21. Too Much Information by Cass Sunstein (September 1)
The behavioral economics and law expert best known for Nudge makes a convincing case that policy should focus less on what we have the right to know and more on what knowledge will improve our lives.
22. The Socrates Express by Eric Weiner (August 25)
With signature clarity and humor, a journalist picks up where The Good Place left off. In a rare philosophy book that’s a delight to read, he illuminates what deep thinkers through history have known about a life well lived.
23. Humor, Seriously by Jennifer Aaker and Naomi Bagdonas (October 6)
Of all the known ways to ruin humor, the most common start with the words “research,” “analyze,” and “professor.” The bad news is that this book features all of those words… prominently. The good news is that against all odds, you’ll actually have fun reading it. It probably won’t turn you into Ali Wong, Dave Chappelle, or Hannah Gadsby, but it will give you a window into how they think—and teach you some new ways to make people laugh.
24. Is This Anything by Jerry Seinfeld (October 6)
It was called a show about nothing, but this is a book about everything. For 45 years, he’s saved every joke he’s ever written; now, for the first time, he’s compiled his greatest hits.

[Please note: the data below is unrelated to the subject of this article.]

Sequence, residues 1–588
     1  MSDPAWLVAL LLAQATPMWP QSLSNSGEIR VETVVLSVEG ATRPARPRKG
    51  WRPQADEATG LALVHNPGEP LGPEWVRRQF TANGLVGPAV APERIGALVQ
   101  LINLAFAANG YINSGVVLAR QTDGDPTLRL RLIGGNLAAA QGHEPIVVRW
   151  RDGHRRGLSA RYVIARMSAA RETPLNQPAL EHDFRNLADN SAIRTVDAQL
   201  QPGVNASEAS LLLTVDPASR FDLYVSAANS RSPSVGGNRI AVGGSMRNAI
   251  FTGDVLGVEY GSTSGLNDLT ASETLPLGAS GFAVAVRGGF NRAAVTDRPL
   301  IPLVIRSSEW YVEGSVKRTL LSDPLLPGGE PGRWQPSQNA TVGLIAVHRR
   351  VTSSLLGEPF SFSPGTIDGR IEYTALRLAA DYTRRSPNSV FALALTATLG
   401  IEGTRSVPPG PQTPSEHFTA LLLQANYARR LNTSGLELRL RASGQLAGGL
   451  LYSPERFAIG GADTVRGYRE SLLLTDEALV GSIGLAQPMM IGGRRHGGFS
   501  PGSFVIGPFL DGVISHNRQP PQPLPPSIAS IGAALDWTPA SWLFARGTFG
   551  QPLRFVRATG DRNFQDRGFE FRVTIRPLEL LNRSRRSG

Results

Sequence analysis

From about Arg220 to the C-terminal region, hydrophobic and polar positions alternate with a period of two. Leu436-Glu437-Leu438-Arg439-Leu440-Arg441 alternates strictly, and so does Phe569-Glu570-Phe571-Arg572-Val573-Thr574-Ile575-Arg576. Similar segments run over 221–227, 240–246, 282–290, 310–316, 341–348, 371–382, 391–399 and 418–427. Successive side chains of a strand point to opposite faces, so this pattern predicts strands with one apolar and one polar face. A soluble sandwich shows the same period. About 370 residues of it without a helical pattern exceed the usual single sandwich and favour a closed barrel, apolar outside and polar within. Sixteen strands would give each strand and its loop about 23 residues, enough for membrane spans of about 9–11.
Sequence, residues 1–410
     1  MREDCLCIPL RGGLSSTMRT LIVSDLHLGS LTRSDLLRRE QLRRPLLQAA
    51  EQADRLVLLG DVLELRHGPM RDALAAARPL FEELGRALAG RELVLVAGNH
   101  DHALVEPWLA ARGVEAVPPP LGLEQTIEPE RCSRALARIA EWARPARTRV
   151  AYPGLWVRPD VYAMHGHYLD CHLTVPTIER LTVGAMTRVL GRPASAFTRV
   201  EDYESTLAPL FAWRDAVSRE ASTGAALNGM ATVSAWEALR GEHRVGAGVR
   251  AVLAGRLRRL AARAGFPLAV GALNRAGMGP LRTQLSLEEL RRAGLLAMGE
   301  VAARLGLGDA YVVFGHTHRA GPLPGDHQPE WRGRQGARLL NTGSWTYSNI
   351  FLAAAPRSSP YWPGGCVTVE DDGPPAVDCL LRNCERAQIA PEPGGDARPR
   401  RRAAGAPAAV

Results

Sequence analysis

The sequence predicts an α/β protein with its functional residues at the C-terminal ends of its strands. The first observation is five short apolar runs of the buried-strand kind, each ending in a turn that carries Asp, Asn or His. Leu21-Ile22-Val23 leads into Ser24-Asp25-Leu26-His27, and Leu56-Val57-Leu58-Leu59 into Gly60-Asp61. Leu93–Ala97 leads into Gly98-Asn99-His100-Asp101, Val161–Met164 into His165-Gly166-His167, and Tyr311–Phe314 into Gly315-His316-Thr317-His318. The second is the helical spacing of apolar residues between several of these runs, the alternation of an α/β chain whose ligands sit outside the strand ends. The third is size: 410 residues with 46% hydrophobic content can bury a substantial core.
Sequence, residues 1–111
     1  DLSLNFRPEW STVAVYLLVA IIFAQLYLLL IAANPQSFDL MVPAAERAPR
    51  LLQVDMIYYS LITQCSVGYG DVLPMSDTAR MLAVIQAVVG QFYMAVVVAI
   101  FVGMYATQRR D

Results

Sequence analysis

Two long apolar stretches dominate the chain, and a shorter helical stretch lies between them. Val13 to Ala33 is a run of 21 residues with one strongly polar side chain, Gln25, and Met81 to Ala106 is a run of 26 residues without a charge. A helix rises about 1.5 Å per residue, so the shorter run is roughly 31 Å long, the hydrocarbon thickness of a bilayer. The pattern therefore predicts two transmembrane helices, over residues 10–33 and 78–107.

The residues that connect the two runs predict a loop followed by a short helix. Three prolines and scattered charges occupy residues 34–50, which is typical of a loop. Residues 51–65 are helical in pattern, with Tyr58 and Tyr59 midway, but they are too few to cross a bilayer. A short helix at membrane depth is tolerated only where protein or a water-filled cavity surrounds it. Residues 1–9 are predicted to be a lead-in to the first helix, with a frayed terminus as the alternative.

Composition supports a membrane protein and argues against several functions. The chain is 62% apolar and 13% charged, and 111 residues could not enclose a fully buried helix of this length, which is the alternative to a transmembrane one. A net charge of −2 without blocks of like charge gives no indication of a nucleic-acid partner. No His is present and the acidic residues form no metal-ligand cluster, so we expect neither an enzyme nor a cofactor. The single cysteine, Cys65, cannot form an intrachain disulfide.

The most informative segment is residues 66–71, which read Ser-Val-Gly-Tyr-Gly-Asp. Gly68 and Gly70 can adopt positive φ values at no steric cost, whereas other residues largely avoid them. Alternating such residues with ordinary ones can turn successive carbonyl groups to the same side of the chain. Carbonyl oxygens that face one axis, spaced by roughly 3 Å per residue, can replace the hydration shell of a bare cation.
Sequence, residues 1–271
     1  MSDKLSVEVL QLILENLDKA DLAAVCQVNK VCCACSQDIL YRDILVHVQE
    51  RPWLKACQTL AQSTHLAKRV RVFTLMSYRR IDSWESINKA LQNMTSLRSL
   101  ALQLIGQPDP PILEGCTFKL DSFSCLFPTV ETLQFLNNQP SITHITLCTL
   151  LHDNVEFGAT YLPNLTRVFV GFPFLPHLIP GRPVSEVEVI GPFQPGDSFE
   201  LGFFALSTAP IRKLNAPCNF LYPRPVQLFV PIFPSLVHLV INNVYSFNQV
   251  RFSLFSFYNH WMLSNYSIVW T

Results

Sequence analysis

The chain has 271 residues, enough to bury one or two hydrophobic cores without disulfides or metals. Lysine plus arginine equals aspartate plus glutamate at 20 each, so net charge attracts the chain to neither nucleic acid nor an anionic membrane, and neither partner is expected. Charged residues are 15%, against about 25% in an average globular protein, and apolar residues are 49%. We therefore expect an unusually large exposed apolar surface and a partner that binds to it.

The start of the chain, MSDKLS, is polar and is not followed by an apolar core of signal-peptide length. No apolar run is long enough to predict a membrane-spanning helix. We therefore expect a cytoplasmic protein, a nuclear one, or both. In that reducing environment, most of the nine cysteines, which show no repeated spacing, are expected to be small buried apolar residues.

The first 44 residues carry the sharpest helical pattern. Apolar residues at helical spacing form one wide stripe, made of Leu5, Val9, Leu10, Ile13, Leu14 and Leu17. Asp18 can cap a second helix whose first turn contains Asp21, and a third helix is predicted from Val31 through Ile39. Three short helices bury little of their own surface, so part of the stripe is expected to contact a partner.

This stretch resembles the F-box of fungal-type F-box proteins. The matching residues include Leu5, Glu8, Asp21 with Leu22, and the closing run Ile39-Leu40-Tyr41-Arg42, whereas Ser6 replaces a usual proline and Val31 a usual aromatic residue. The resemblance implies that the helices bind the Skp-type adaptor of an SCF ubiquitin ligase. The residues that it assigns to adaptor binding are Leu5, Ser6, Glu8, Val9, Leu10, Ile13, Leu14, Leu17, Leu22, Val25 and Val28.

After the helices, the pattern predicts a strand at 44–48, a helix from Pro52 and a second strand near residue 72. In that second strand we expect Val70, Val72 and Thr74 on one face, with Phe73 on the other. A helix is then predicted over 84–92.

25. Do Good at Work by Bea Boccalando (November 24)
The founder and head of a global consulting firm presents a manual for making work meaningful that’s both actionable and enjoyable to read.
26. Exceptional by Dan Cable (September 22)
Athletes achieve excellence by compiling and studying their personal highlight reels, and there’s no reason why the rest of us can’t do the same thing. In this buoyant, evidence-backed book, a leading researcher shows us how.
27. Conscious Leadership by John Mackey et al. (September 15)
The Whole Foods founder is living proof that we don’t have to choose between purpose and profits. He and his colleagues offer the practical guidance leaders need to build businesses that do well by doing good and prioritize lifetime impact over quarterly earnings.
28. Better Business by Christopher Marquis (September 13)
An expert on corporate responsibility busts myths about shareholder primacy and reveals how it’s possible for companies to integrate social impact into their missions. This may well be the book that puts teeth in the B Corp movement.
29. Can’t Even by Anne Helen Petersen (September 22)
A media scholar builds on her viral Buzzfeed article to examine why Millennials are burning out. As one of the most insightful culture critics of our time, Anne explains how individuals, organizations, and societies can prevent emotional exhaustion.
30. Think Like a Monk by Jay Shetty (September 8)
It’s not every day that you meet a former monk whose vision is to make wisdom go viral. Jay’s book is full of memorable takeaways on mindfulness, purpose, and showing more compassion to others—as well as to ourselves.